Economic Evaluation of Vaccination Programmes
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The methods that have been used to estimate the clinical and economic impact of vaccination programmes are not always uniform, which makes it difficult to compare results between economic analyses. Furthermore, the relative efficiency of vaccination programmes can be sensitive to some of the more controversial aspects covered by general guidelines for the economic evaluation of healthcare programmes, such as discounting of health gains and the treatment of future unrelated costs. In view of this, we interpret some aspects of these guidelines with respect to vaccination and offer recommendations for future analyses.
These recommendations include more transparency and validation, more careful choice of models (tailored to the infection and the target groups), more extensive sensitivity analyses, and for all economic evaluations (also nonvaccine related) to be in better accordance with general guidelines.
We use these recommendations to interpret the evidence provided by economic evaluation applied to viral hepatitis vaccination. We conclude that universal hepatitis B vaccination (of neonates, infants or adolescents) seems to be the most optimal strategy worldwide, except in the few areas of very low endemicity, where the evidence to enable a choice between selective and universal vaccination remains inconclusive. While targeted hepatitis A vaccination seems economically unattractive, universal hepatitis A vaccination strategies have not yet been sufficiently investigated to draw general conclusions.
The Viral Hepatitis Prevention Board (VHPB) organised the meeting in Istanbul, Turkey. Participants in the meeting, and subscribers to the consensus statement: Antoñanzas F, Universidad De La Rioja, Spain; Badur S, University of Istanbul, Turkey; Beutels Ph, University of Antwerp, Belgium; Bonanni P, University of Florence, Italy; Carlson J, European Commission, Luxembourg; De la Torre J, Ministry of Health, Spain; De Wit GA, National Institute of Public Health and the Environment, The Netherlands; Edmunds WJ, Public Health Laboratory Service and City University, UK; Evans D, World Health Organization, Switzerland; Feilden R, FBA Health Systems Analysts, UK; Fendrick AM, University of Michigan, USA; Ginsberg GM, Ministry of Health, Israel; Glick HA, University of Pennsylvania, USA; Grob P, University of Zurich, Switzerland; Hallauer J, Gesundheitssystemforschung Universitätsklinikum Charité Berlin, Germany; Kane M, Bill and Melinda Gates Children Vaccine Programme, USA; Mast E, World Health Organization, Switzerland; Meheus A, University of Antwerp, Belgium; Péchevis M, CEMKA, France; Roure C, Institut Pasteur, France; Shouval D, Hadassah University Hospital, Israel; Van Damme P, University of Antwerp, Belgium; Van Doorslaer E, Erasmus University Rotterdam, The Netherlands; van Hout B, University of Utrecht, The Netherlands.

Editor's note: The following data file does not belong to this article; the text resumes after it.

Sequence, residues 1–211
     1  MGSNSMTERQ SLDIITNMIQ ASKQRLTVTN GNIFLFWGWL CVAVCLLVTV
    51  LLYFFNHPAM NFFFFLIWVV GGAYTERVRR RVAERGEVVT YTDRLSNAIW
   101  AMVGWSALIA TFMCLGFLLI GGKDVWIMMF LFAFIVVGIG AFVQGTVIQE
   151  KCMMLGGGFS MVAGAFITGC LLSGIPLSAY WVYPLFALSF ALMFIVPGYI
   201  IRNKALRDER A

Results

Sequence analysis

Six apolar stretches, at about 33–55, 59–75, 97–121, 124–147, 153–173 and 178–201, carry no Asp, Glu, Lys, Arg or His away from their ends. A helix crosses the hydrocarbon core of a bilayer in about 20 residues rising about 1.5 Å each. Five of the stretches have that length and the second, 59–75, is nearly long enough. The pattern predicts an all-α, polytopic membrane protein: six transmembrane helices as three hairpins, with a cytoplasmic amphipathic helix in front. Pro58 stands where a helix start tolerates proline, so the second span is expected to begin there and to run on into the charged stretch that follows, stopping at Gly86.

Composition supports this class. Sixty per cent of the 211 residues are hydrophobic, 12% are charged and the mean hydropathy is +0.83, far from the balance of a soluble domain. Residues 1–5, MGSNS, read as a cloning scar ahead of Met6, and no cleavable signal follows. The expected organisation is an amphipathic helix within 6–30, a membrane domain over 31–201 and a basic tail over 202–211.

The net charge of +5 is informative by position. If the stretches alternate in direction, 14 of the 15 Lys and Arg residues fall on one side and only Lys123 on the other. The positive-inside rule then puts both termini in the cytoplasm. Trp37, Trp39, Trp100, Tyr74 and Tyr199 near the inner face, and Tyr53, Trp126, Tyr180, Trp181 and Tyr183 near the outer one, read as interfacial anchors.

The VHPB is sponsored by educational grants from the pharmaceutical industry, several universities in Europe and other institutions and has strict operational and scientific independence (http://www.vhpb.org).
None of the authors received any financial compensation, other than for travel and accommodation during the meeting.
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